• The difference between the control condition and the secondary tasks across all replications:

*an increase in TTC threshold by an average of 0.62 s for the phone dialing task (F1,18=4.16; P=0.056) and 0.95 s for the cognitive task (F1,18=20.26; P<0.001)

*an increase in BRT by an average of 0.48 s in the phone dialing task (F1,18=17.72; P<0.001) and 0.50 s in the cognitive task (F1,18=17.37; P<0.001).

  • There were some differences between the sample pools in TTC thresholds (F1,17=3.00; P=0.102 for the main effect of group, F2,34=4.84; P<0.05 for the interaction of task type by group), but not in BRT .
  • Post hoc analysis revealed that student’s TTC thresholds were higher in the phone dialing condition, than the non-student’s (t17=-2.366; P<0.05).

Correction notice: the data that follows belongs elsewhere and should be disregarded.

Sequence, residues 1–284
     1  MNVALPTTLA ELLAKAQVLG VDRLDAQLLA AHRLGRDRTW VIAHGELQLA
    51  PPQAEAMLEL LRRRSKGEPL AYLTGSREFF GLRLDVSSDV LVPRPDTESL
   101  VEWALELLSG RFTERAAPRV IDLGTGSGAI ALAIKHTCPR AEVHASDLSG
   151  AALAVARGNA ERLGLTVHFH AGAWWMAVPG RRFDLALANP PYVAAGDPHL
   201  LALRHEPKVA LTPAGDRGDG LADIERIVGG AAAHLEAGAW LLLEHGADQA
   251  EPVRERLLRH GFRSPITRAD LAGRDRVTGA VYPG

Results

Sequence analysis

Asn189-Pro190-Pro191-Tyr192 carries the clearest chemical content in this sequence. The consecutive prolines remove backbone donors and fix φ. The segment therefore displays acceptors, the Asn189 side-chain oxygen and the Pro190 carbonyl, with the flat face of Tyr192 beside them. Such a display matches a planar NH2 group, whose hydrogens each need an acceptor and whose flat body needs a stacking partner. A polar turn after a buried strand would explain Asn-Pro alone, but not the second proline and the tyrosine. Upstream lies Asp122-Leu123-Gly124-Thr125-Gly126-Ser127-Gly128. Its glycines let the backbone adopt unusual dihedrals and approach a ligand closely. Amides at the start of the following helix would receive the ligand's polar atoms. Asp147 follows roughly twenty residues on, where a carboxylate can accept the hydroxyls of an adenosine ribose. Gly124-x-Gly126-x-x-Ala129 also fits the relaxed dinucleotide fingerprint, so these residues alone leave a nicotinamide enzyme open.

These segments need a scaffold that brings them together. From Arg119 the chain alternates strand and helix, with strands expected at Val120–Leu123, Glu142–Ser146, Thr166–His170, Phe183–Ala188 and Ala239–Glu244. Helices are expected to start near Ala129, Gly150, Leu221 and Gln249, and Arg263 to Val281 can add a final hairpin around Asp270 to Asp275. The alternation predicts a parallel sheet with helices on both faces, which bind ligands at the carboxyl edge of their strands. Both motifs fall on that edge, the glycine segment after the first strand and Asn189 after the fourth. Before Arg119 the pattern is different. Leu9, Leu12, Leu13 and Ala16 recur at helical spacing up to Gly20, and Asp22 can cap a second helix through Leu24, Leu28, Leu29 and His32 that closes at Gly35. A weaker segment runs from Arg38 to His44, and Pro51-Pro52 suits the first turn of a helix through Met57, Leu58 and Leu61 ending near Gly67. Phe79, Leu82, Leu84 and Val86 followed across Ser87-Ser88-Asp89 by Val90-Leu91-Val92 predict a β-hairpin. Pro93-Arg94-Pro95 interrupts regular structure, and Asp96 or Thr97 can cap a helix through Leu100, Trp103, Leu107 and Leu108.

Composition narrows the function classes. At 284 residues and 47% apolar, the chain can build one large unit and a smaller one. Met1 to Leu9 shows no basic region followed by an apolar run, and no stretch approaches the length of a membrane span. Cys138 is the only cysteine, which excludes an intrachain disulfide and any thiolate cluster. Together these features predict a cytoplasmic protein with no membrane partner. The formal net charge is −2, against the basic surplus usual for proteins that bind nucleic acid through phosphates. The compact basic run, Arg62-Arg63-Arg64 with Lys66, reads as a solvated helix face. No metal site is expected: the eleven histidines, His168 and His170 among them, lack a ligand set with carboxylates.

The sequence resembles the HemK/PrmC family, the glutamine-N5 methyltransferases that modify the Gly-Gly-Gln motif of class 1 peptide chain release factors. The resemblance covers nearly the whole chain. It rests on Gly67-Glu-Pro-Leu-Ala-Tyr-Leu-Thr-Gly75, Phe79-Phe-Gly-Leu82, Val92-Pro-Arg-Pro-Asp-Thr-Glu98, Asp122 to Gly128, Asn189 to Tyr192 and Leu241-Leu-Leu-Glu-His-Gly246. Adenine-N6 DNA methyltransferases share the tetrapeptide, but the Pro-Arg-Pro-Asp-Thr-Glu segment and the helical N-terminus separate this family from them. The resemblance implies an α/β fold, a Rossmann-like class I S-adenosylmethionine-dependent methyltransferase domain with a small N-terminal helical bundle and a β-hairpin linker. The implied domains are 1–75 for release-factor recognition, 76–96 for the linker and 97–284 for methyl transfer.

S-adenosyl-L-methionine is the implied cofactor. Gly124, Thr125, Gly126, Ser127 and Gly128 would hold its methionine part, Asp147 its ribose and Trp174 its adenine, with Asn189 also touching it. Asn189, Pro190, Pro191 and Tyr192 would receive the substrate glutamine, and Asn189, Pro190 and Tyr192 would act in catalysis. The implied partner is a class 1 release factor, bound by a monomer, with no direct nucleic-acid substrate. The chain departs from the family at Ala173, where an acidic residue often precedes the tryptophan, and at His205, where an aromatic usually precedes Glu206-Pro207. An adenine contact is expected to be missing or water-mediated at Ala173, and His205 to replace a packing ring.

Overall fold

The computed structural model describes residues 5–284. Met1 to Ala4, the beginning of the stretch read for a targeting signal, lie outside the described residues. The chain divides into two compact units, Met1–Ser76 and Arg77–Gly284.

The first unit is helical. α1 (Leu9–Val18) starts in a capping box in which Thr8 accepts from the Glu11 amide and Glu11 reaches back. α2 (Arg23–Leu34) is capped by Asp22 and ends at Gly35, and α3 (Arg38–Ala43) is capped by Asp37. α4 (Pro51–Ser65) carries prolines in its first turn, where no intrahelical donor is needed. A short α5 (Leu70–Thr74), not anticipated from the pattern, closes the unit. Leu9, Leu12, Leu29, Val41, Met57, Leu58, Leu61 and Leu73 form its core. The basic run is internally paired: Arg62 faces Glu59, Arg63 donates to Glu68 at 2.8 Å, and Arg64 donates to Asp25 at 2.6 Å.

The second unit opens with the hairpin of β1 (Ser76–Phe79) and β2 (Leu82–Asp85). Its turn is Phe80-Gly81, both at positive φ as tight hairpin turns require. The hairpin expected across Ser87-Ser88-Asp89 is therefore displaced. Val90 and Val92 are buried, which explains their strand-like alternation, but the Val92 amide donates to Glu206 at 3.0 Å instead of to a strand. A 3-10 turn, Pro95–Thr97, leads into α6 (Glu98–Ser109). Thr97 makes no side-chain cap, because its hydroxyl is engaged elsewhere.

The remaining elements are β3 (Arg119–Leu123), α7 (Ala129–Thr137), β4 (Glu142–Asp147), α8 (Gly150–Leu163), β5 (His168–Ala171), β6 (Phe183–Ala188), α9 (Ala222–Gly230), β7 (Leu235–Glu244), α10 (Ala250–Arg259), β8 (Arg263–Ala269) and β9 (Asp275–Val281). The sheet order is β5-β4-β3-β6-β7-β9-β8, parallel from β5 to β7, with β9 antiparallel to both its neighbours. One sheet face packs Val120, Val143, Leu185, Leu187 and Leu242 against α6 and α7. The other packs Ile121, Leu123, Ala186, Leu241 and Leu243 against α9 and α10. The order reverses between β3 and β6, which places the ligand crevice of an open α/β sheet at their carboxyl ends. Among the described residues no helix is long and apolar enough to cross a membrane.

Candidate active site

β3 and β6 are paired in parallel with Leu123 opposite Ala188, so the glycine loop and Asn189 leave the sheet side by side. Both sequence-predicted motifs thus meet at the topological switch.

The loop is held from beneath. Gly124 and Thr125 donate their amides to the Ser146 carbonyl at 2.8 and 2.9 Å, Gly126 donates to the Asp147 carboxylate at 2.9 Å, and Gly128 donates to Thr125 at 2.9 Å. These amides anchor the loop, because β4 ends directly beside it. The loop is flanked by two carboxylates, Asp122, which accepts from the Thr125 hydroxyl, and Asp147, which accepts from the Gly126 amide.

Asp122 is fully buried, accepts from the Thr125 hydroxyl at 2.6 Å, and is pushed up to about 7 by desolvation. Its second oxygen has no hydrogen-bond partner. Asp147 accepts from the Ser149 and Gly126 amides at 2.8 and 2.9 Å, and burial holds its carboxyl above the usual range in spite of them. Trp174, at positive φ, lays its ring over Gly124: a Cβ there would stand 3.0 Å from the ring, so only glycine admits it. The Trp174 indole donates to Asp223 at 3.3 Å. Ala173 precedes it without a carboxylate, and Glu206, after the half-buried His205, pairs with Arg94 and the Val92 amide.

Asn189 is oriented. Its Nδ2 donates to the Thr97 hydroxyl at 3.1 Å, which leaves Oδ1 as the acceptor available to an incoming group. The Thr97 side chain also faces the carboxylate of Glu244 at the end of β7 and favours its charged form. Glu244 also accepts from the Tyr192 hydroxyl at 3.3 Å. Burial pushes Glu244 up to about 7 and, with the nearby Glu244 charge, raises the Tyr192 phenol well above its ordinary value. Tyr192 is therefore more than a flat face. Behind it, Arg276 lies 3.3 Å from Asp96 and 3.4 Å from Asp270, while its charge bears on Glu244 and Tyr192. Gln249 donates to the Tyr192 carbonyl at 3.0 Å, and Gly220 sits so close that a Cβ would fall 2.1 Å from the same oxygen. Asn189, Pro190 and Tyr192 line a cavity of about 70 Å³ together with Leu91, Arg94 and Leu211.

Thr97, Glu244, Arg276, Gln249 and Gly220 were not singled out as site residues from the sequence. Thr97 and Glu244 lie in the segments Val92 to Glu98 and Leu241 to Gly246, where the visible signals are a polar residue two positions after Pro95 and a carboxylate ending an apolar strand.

• The control of lateral lane position during each trial was estimated by analysis of the standard deviation of lateral acceleration (SDLA), however there was no effect for the type of task on SDLA (F2,36=2.16;P=0.130).
  • During the phone dialing task the participant’s average glance duration, defined as the time the gaze was in the area of target, to the roadway was 1.25 s (range 0.65–2.03, SD 0.36), and the average glance duration to the keypad was 0.79 s (range 0.52–1.23, SD=0.22).
  • The results indicated that drivers’ detection ability in a closing headway situation was impaired by about 0.5 s in terms of brake reaction time and almost 1 s in terms of time-to-collision, when they were doing a non-visual cognitive task whilst driving.
  • It is worth noting that this latency is around three times larger than the deterioration De Waard and Brookhuis (1991) found for drivers under the influence of alcohol.